One might tend to think that in quantum many-body theory the hardest problems are strong coupling ones. Let g denote some dimensionless coupling constant where g=0 corresponds to non-interacting particles. Obviously for large g perturbation theory is most unreliable and progress will be difficult. However, in some problems one can treat 1/g as a perturbative parameter and make progress. But this does require the infinite coupling limit be tractable.

Here are a few examples where strong coupling is actually tractable [but certainly non-trivial]

- The Hubbard model at half filling. For U much larger than t, the ground state is a Mott insulator. There is a charge gap and the low-lying excitations are spin excitations that are described by an antiferromagnetic Heisenberg model. Except for the case of frustration, i.e. on a non-bipartite lattice, the system is well understood.
- BEC-BCS crossover in ultracold fermionic atoms, near the unitarity limit.
- The Kondo problem at low temperatures. The system is a Fermi liquid, corresponding to the strong-coupling fixed point of the Kondo model.
- The fractional quantum Hall effect.

- Cuprate superconductors. For a long time it was considered that they are in the large U/t limit [i.e. strongly correlated] and that the Mottness was essential. However, Andy Millis and collaborators argue otherwise, as described here. It is interesting that one gets d-wave superconductivity both from a weak-coupling RG approach and a strong coupling RVB theory.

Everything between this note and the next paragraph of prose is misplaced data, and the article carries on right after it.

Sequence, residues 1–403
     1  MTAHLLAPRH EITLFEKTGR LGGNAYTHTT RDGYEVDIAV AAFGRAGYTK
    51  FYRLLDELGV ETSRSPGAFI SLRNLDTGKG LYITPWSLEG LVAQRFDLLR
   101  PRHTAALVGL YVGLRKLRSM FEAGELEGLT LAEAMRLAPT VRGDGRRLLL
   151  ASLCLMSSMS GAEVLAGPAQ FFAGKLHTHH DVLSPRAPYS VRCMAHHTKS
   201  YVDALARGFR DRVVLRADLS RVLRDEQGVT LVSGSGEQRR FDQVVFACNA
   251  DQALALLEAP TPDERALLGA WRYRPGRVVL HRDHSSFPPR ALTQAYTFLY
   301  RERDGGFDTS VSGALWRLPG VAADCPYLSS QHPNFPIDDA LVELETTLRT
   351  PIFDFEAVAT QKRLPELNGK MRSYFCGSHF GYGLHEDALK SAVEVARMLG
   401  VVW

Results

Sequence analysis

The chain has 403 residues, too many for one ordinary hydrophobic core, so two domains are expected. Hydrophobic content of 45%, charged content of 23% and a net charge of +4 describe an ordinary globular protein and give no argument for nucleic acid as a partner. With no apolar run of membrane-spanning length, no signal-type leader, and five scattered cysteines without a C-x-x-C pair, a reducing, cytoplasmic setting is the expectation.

- Quantum chemistry. Weak coupling corresponds to molecular orbital theory. Strong coupling corresponds to valence bond theory. Real molecules are somewhere in the middle. This is the origin of the great debate about the relative merits of these approaches.
- Superconducting organic charge transfer salts. Many can be described by a Hubbard model on the anisotropic triangular lattice at half filling. Superconductivity occurs in proximity to the Mott transition which occurs for U ~ 8t. Ring exchange terms in the Heisenberg model may be important for understanding spin liquid phases.
- Graphene. It has U ~ bandwidth and long range Coulomb interactions. Perturb it and you could end up with an insulator.
- Exciton transport in photosynthetic systems. The kinetic energy, thermal energy, solvent reorganisation energy, and relaxation frequency [cut-off frequency of the bath] are all comparable.
- Water. This is my intuition but I find it hard to justify. It is not clear to me what the "coupling constants" are.

Intermediate coupling is both a blessing and a curse. It is a blessing because there is lots of interesting physics and chemistry associated with it. It is a curse because it is so hard to make reliable progress.

I welcome suggestions of other examples.

Hi Ross,

ReplyDeleteI liked you post and agree with the main massage. I think, however, that the unitary Fermi gas would qualify as the intermediate coupling problem. The actual strongly coupled regime in this problem is the so-called BEC regime, where the atoms interact so strongly that they form compact bosonic dimers which undergo BEC. This regime (with the scattering length small and positive) is theoretically tractable because the dimers interact weakly with each other.

Hi Sergej,

DeleteThanks for your helpful comment.

I see your argument that the BEC regime is strong coupling. But isn't the unitary limit also strongly interacting (in a different sense) since the scattering length diverges?

Hi Ross,

ReplyDeleteI think that people sometimes say that the unitary Fermi gas is strongly interacting to emphasize that there is no small interaction parameter that we can build a perturbation theory upon. In the spirit of your post however I would say that this is an intermediate coupling problem since it lies between the theoretically tractable weakly-coupled BCS and strongly-coupled BEC regimes. Does this make sense to you?